Many unwind after a long day with a good mixed drink. Some classic cocktails come with interesting names that seem to have been pulled out of thin air. They make a lot more sense if you know the story, however. Here are the surprising origins of ten beloved cocktails.
The history of the Bloody Mary, like that of many other drinks, is a bit murky. The drink was invented by a comedian named George Jessel. After a long night of performing and drinking, Jessel found himself in the bar at 8:00 a.m. with a bad hangover. He needed something suitable for the morning that could also help his splitting headache. He took a glass of tomato juice and added some vodka, opting for a little hair of the dog.
A local socialite named Mary Brown Warburton came into the bar and asked for one as well. As soon as she was served, she spilled the drink down the front of her white dress. It instantly became known as the Bloody Mary.
An aspiring actress named Marjorie King frequented the Tijuana bar that Carlos Herrera tended. King had unusual taste. She claimed to be allergic to all hard alcohol other than tequila but couldn’t stand the taste of a straight shot. To make the flavor more tolerable, Herrera put the ingredients of a good tequila shot (lime, salt and tequila) together into one mixed drink. He named the concoction after the picky patron.
The Old Fashioned is so named because it’s one of the oldest cocktails ever made. Before the 1800s, a mixture of hard alcohol, sugar, water, and bitters was considered to be a medicine that was taken in the morning to help with the day’s aches and pains. Toward the end of the century, mixed drinks became known as cocktails and earned their own names. The Old Fashioned was literally the old-fashioned way of making a cocktail, and the name stuck.
Gin and Tonic
Gin has been a popular drink in its native Holland since the 1600s. When the British were fighting on Dutch land during the Thirty Years War, they discovered the delicious drink that would give the Dutch fighters their courage. Gin quickly gained popularity in Britain.
When the British took colonial control over India, many British people decided to move there for the warmer climate. To ward off malaria, they used something called quinine, which was a bitter tasting bark extract. To make it more palatable, they made it into a tonic by mixing it with water and sugar. Add in their favorite alcoholic beverage, and you have a delicious classic cocktail that helps protect against malaria!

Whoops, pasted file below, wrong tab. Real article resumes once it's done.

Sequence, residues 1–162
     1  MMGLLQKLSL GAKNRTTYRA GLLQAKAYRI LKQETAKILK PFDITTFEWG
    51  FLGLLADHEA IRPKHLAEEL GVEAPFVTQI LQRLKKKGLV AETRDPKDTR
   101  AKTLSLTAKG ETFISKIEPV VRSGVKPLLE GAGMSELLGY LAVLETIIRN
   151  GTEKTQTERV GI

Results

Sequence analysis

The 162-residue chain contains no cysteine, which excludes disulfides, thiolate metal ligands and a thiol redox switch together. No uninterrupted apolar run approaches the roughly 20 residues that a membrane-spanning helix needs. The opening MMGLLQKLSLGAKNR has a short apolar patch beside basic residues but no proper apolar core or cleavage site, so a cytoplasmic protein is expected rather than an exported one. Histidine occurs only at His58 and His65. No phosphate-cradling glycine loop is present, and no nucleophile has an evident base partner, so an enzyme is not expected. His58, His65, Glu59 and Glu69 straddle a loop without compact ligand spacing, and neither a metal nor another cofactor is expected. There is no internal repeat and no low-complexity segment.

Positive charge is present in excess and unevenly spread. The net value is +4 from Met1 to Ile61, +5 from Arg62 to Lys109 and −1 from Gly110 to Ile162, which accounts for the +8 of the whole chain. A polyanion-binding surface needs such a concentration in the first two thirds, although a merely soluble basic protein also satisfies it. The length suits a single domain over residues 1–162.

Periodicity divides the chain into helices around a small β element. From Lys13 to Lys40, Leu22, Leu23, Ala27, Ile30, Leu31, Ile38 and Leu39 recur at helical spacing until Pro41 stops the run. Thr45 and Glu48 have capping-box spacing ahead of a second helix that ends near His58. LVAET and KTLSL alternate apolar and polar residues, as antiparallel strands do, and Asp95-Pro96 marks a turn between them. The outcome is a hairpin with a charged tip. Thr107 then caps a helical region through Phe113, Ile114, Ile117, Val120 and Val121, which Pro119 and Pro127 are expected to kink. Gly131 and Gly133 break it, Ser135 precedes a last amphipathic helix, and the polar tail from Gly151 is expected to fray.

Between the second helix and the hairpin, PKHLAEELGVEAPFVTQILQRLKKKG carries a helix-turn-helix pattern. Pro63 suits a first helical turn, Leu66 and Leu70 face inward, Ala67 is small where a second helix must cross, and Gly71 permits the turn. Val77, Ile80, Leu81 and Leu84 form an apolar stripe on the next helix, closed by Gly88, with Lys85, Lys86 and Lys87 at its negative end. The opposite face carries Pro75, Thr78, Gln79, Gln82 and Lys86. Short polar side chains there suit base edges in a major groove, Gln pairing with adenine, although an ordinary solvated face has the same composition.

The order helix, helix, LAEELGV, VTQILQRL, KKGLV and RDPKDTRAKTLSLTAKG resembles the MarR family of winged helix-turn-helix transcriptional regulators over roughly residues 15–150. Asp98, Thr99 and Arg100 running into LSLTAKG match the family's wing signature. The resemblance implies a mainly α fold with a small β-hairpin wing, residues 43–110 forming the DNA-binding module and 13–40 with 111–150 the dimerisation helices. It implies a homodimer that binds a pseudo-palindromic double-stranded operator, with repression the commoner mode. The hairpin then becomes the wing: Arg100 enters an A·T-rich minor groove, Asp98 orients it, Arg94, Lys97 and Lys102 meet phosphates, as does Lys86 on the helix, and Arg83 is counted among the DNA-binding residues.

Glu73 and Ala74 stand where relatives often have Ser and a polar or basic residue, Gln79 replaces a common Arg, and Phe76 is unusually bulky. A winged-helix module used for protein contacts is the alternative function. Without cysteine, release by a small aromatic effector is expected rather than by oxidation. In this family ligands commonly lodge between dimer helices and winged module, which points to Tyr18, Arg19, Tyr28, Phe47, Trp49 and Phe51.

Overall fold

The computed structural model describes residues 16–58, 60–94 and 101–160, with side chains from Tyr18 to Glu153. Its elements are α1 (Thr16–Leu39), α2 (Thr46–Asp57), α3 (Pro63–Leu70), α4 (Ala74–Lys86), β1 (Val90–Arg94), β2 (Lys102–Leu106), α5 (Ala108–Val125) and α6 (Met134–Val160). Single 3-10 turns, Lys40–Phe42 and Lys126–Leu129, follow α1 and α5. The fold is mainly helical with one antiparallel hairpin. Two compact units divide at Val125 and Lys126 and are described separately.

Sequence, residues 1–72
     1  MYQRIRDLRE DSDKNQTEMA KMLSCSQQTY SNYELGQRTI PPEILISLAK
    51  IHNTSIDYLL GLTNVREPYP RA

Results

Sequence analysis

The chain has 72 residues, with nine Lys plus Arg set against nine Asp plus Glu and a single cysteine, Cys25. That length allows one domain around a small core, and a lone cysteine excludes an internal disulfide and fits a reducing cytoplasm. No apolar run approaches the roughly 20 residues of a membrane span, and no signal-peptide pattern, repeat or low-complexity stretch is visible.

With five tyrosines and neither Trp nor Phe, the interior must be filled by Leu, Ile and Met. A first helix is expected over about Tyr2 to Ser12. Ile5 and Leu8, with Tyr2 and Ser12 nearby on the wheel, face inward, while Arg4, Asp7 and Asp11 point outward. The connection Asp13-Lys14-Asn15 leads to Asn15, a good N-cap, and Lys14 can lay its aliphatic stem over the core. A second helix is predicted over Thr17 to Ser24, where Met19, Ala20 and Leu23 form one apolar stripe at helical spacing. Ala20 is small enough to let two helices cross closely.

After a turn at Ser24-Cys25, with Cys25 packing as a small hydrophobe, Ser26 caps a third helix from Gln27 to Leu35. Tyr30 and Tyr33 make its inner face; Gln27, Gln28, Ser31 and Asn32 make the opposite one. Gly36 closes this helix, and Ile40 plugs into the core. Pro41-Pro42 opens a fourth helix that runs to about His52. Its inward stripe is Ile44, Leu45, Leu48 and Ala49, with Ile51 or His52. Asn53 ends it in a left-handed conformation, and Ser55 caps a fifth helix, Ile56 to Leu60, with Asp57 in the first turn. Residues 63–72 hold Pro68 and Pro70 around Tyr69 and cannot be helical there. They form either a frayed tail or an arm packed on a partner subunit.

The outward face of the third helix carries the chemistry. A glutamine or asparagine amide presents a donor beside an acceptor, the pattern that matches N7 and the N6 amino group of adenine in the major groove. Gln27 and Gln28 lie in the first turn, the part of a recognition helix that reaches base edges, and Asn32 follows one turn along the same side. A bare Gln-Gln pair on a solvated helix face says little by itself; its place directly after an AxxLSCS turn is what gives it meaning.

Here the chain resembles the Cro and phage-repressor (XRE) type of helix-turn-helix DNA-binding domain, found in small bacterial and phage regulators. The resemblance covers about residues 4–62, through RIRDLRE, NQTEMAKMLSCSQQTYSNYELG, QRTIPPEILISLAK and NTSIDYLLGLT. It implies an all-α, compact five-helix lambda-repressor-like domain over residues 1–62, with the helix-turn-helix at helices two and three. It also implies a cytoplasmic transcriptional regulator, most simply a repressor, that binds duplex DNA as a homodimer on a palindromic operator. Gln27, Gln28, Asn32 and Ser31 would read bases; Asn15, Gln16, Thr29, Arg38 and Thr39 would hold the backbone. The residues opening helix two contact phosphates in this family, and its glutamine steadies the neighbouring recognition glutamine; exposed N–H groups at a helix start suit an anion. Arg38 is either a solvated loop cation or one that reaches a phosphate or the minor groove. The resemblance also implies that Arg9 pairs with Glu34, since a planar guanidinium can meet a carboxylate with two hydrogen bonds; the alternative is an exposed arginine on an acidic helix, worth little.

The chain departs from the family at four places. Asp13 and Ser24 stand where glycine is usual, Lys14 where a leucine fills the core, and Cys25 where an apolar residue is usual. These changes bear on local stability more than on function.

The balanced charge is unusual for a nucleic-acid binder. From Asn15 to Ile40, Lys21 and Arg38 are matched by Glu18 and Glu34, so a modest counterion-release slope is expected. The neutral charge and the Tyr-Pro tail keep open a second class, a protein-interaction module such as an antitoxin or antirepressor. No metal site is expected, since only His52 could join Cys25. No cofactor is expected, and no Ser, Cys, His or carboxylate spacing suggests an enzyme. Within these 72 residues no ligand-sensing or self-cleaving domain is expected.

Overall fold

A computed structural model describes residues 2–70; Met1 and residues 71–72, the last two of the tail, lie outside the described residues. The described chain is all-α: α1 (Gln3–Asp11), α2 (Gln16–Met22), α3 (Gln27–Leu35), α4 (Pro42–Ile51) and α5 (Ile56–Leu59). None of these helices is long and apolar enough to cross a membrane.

This classic cocktail is actually named after a practical joke. In 1874, a prank to pull on your friends was to ask them if they’d seen Tom Collins. When the victim inevitably said no, he was told that Mr. Collins had been talking bad about him all over town and that he better go catch Collins before he could do any more damage. The victim would storm off in search of the fictitious Tom Collins. Eventually, a bartender decided to cash in on the joke and made a cocktail with the same name so that when a person came into the bar asking about Tom Collins, he’d just slide him a drink. The joke — luckily — lost its popularity, but the drink retains the moniker today.
Screwdrivers are a simple drink with a simple backstory. When American oil workers were in the Persian Gulf, they weren’t allowed to drink alcohol. Of course, that’s never stopped anyone before. The workers would get vodka and put it in their orange juice so they could drink while on the job without anyone noticing. Since they didn’t have spoons at the worksite, they’d use screwdrivers to stir their drinks.
There is some dispute as to the true origins of this cocktail, but the name comes from a bar in Paris. The drink was a favorite of an American army captain who frequented Harry’s Bar by riding in the sidecar of his friend’s motorcycle. By the time he got there, he’d be sufficiently cold and need something to warm him up. Since straight cognac wasn’t appropriate to drink before dinner, the bartender mixed in some Cointreau and lemon juice and named the concoction after the Captain’s preferred method of travel.
The history of the martini is the subject of some dispute. While credit for the cocktail is often given to the forefather of mixology, Jerry Thomas, it’s more likely that it was created by branding. Martini & Rossi was an Italian company that made a sweet vermouth. Customers would order a “gin and Martini,” which eventually got shortened to just martini.
This popular cocktail was, of course, invented in New York City. While the official history is unclear, the Manhattan Club claims to be the original birthplace of the recipe. One popular story claims that the drink was invented specifically for a party thrown by Winston Churchill’s mother, but it’s believed to be mostly a myth.
A meeting of fate between three people took place in a club in 1941. That meeting spawned the creation of the ever-popular Moscow Mule. Sophie Berezinski was a Russian immigrant whose father ran a copper factory. Sales for their copper mugs dwindled in Russia, so Sophie decided to move to America to get rid of them.
But nobody in the United States wanted them either. She went to the Cock ‘n’ Bull pub in California to try and sell some mugs. There she met the owner, Jack Morgan, who had been trying, unsuccessfully, to sell his brand of ginger beer, and John Martin, who had recently bought the Smirnoff Vodka Distillery, also struggling to sell his product. The trio got together to invent a product that would help everyone, and the Moscow Mule was born.